Ever since the EU developed and approved its landmark privacy regulation, GDPR, Site Impact has been warning that other countries--including the US--are likely to follow up with their own privacy regulations. Of course, in the US, the issue is magnified by the existence of 50 different states, all with their own decision-makers regarding the issue and how to tackle it. Until a federal level law comes down to regulate data collection, analysis, and sharing, individual states will push for their own measures. The newest wrinkle in this fact is the law being developed by the state of New York. Sources in the process of developing the law indicate that it might even be tougher than the California bill currently passed. Site Impact knows that regulations actually help the industry; so even as lobbyists in California work to try and defang the law there, it’s worth understanding the new law coming in New York.
The New York Privacy Act, introduced by state senator Kevin Thomas, gives consumers in that state more control over their data than any other state in the US; while it’s only just been introduced, and Thomas is still looking for a cosponsor, it’s definitely a major step towards setting a standard for consumer protection when it comes to data-based marketing efforts. Businesses that have been arguing and wrangling over the language of the California Consumer Protection Act are not likely to enjoy the New York law any better, considering the way it puts the consumer’s wants and needs first.
Like the CCPA, the New York Privacy Act would allow people to find out what data companies are collecting on them, see who they’re sharing that data with, request that it be corrected or deleted, and avoid having their data shared with or sold to third parties altogether. However, unlike the CCPA, the new law would grant New York residents the right to individually sue companies; this measure was driven out of the CCPA last year successfully by industry outcries. Additionally, while California’s law applies only to businesses that make more than $25 million annual gross revenue, the New York bill would apply to companies of any size. It’s a strong statement on the concern that consumers have for how their data is being collected, analyzed, and used by brands--and it’s setting a tone for future laws on the state level that shows that things are not going to be the wild west anymore when it comes to data collection and privacy.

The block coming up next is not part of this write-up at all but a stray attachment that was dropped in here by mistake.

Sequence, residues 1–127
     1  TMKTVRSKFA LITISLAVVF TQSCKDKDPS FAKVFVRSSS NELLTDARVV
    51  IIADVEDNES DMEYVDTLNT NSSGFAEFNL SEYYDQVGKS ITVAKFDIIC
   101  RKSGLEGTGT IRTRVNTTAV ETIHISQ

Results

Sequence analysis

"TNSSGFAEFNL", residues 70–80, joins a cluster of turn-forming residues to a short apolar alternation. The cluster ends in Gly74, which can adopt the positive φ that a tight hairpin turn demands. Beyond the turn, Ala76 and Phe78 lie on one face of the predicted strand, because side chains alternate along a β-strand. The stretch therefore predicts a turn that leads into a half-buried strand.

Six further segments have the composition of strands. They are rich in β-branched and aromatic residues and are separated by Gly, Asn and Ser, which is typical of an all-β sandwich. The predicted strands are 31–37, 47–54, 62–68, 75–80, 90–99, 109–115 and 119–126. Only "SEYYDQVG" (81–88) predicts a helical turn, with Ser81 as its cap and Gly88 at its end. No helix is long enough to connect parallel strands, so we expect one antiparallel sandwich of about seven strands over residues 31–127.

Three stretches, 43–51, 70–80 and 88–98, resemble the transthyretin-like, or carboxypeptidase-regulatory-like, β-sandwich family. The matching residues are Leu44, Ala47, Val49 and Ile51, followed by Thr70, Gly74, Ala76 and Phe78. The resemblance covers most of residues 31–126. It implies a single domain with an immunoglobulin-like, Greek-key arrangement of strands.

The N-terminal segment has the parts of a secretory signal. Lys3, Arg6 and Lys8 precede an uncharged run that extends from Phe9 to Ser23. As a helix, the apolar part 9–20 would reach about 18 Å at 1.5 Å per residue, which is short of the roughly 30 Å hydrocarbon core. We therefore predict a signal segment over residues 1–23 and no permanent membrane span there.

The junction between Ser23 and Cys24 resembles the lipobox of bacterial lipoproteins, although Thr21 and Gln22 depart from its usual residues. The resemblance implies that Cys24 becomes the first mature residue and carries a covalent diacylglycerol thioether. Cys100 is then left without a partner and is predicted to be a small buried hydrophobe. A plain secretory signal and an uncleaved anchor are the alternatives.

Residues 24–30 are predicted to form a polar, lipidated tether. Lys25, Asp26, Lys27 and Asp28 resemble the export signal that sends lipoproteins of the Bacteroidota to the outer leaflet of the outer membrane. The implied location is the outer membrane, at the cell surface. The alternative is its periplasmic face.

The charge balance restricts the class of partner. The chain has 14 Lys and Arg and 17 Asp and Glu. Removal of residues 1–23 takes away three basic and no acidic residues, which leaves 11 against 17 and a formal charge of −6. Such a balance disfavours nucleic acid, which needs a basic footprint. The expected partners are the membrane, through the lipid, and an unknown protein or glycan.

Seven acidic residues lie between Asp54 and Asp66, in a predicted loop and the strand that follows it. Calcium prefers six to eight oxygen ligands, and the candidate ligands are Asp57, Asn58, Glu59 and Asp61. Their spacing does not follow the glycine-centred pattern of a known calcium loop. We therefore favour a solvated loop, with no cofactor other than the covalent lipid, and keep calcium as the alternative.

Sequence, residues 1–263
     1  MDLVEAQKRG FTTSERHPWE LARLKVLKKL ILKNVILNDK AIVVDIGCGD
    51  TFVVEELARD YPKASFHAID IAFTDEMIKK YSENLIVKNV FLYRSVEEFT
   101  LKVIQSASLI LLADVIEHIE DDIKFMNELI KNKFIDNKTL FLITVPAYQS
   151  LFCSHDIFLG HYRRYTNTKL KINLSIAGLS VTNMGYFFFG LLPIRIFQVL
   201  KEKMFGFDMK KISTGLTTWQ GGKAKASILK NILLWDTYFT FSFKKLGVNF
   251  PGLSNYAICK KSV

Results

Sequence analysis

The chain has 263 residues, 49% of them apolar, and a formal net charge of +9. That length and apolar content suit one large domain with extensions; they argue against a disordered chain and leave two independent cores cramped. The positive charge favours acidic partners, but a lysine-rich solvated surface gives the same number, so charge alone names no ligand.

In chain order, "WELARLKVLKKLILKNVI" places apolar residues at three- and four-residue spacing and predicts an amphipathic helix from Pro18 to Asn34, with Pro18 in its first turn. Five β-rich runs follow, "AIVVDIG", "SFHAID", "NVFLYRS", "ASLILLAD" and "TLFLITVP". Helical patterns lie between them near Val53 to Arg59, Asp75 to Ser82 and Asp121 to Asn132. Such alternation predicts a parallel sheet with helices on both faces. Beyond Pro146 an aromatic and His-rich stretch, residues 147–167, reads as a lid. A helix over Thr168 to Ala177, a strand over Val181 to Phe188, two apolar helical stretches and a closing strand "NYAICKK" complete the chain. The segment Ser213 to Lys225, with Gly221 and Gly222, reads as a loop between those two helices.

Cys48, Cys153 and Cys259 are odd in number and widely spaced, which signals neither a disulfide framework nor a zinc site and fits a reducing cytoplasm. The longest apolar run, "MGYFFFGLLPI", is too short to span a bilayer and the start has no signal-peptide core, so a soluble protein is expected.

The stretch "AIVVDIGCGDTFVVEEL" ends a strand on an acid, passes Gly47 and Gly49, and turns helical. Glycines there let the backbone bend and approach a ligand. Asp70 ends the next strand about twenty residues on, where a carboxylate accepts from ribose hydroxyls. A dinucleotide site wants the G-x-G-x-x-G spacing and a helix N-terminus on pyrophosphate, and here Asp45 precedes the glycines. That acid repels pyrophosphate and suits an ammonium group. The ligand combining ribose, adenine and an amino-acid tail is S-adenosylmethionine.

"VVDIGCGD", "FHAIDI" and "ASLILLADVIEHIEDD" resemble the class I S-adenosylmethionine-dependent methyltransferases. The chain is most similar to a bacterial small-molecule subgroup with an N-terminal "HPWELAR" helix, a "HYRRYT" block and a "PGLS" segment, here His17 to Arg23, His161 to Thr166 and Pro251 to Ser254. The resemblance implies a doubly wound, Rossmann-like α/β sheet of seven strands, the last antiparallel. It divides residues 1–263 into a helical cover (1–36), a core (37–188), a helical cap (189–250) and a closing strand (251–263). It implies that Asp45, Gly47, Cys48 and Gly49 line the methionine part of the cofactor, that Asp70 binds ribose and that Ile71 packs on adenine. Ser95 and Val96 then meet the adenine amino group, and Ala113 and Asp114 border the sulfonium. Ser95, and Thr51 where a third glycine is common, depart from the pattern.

Overall, the New York Privacy Act seems to be trying to reintroduce real regulatory authority even as industry professionals try to lobby it out of the already-existing California consumer protection law. As Congress works towards putting together a national-level law, marketers and brands alike should be up to date and prepared for a fusion of the efforts being made by multiple states. The EU’s GDPR has made its mark on digital marketing in general and email marketing in particular; US laws designed to protect and empower consumers are not about to go away. Contact Site Impact to learn how we can help you prepare for any regulation coming down the line, and how we’re always working to make sure we’re in compliance even before regulations take effect.